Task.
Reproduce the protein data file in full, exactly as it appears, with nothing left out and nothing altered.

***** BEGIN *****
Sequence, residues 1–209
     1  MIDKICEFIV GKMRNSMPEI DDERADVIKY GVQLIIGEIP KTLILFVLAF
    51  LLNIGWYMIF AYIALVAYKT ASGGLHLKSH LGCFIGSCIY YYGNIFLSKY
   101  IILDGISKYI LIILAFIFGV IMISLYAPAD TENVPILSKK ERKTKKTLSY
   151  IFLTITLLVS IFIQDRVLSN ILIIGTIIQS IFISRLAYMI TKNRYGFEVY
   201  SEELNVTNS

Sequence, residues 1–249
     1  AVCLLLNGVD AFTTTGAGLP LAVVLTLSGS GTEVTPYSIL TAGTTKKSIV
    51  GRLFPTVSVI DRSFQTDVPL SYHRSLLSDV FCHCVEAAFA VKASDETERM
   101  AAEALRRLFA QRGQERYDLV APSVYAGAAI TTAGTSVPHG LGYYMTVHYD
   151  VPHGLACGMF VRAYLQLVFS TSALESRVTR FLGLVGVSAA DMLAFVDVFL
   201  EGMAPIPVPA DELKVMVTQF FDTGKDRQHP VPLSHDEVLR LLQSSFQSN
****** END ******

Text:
Sequence, residues 1–209
     1  MIDKICEFIV GKMRNSMPEI DDERADVIKY GVQLIIGEIP KTLILFVLAF
    51  LLNIGWYMIF AYIALVAYKT ASGGLHLKSH LGCFIGSCIY YYGNIFLSKY
   101  IILDGISKYI LIILAFIFGV IMISLYAPAD TENVPILSKK ERKTKKTLSY
   151  IFLTITLLVS IFIQDRVLSN ILIIGTIIQS IFISRLAYMI TKNRYGFEVY
   201  SEELNVTNS

Sequence, residues 1–249
     1  AVCLLLNGVD AFTTTGAGLP LAVVLTLSGS GTEVTPYSIL TAGTTKKSIV
    51  GRLFPTVSVI DRSFQTDVPL SYHRSLLSDV FCHCVEAAFA VKASDETERM
   101  AAEALRRLFA QRGQERYDLV APSVYAGAAI TTAGTSVPHG LGYYMTVHYD
   151  VPHGLACGMF VRAYLQLVFS TSALESRVTR FLGLVGVSAA DMLAFVDVFL
   201  EGMAPIPVPA DELKVMVTQF FDTGKDRQHP VPLSHDEVLR LLQSSFQSN